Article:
2002 Cadillac ignition turn


  • A network is a group of computers (often called nodes or hosts) that can share information through their interconnections. A network is made up of the following components:

    Computer systems (nodes or hosts)
    Transmission media--a path for electrical signals between devices
    Network interfaces--devices that send and receive electrical signals
    Protocols--rules or standards that describe how hosts communicate and exchange data
    Despite the costs of implementation and maintenance, networks actually save organizations money by allowing them to:

    Consolidate (centralize) data storage
    Share peripheral devices like printers
    Increase internal and external communications
    Increase productivity and collaboration
    There are several ways to classify networks. The following table lists several ways to describe a network.

    Peer-to-Peer In a peer to peer network, the hosts provide and consume network services, and each host has the same operating system. Advantages of peer to peer networks include:
    Easy implementation
    Inexpensive
    Disadvantages of peer to peer networks include:
    Difficult to expand (not scalable)
    Difficult to support
    Lack centralized control
    No centralized storage

    Client/Server In a client/server network, hosts have specific roles. For example, some hosts are assigned server roles which allows them to provide network resources to other hosts. Other hosts are assigned client roles which allows them to consume network resources. Unlike peer to peer networks, hosts in a client/server network have different operating systems. Advantages of client/server networks include:
    Easily expanded (scalable)
    Easy support
    Centralized services
    Easy to backup
    Disadvantages of client/server networks include:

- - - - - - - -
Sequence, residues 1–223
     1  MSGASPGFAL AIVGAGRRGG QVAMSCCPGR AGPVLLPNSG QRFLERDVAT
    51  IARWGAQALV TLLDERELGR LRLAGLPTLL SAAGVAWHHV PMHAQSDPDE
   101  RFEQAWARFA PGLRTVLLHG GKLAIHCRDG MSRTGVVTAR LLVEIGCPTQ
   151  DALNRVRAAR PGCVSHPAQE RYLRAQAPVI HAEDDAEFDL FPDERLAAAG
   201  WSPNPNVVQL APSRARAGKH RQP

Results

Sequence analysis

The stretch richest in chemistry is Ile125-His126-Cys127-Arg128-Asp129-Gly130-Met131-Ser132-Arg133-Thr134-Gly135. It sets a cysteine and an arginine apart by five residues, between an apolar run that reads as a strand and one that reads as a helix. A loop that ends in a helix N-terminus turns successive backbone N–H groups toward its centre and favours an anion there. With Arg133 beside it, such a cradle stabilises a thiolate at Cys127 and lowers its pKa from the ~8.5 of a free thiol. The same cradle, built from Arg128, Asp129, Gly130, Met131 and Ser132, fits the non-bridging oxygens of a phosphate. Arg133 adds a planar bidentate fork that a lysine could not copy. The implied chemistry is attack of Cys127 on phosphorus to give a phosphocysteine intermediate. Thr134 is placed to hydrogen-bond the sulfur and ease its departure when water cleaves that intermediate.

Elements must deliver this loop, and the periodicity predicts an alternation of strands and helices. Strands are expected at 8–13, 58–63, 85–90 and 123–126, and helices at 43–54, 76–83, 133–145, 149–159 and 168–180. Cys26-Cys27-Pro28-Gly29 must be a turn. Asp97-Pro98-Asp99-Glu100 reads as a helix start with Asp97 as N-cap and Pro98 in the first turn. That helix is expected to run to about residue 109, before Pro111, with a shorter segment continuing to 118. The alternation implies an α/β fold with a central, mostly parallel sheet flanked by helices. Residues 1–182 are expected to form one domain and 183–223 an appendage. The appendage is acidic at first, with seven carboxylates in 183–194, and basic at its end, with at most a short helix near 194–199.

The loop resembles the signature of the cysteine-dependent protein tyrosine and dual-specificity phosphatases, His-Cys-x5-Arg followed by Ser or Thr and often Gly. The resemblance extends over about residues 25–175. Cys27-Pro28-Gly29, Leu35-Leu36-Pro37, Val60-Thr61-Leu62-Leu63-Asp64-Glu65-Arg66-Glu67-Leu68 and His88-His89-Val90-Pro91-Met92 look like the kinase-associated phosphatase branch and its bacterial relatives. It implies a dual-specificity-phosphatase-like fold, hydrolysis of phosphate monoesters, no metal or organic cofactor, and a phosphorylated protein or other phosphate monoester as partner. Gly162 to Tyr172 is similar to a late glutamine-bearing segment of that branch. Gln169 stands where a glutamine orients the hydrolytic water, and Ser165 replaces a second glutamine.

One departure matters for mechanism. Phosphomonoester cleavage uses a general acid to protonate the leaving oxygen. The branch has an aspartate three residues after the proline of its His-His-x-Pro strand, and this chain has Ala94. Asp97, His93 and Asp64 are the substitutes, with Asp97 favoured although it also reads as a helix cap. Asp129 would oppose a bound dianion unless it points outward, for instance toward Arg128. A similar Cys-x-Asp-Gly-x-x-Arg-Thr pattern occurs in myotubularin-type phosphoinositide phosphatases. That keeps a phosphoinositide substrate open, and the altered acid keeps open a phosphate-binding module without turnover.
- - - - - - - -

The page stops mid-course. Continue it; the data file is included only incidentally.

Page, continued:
Server operating systems are expensive
    Requires extensive advanced planning

    Geography and Size
    Local Area Network (LAN) LANs reside in a small geographic area, like in an office. A series of connected LANs, or a LAN connected across several buildings or offices, is called an internetwork.
    Wide Area Network (WAN) A WAN is a group of LANs that are geographically isolated but connected to form a large internetwork. When implementing a WAN, remember to provide local access to user resources to prevent a high rate of WAN traffic.
    Participation
    Private A LAN or WAN for private individual or group use which may or may not be secure. Examples include home and organization (small business, corporate, institute, government) networks. Intranets and extranets, although related to the Internet, are private networks. Both an extranet and intranet are tightly controlled, and made available only to select organizations. An extranet is made available to the public and an intranet is made available internally.
    Public A large collection of unrelated computers, with each node on the network having a unique address. The Internet, for example, is a public network. Because computers are unrelated and many companies and individuals share the same communication media, the public network is by nature insecure.
    Signalling
    Baseband Baseband signalling allows one signal at a time on the network medium (cabling).
    Broadband Broadband signalling divides the network medium into multiple channels, allowing several signals to traverse the medium at the same time.





Jul 08, 2009 | 1995 Cadillac Seville

1 Answer

C13 ...same problem!!!!


A network is a group of computers (often called nodes or hosts) that can share information through their interconnections. A network is made up of the following components:

Computer systems (nodes or hosts)
Transmission media--a path for electrical signals between devices
Network interfaces--devices that send and receive electrical signals
Protocols--rules or standards that describe how hosts communicate and exchange data
Despite the costs of implementation and maintenance, networks actually save organizations money by allowing them to: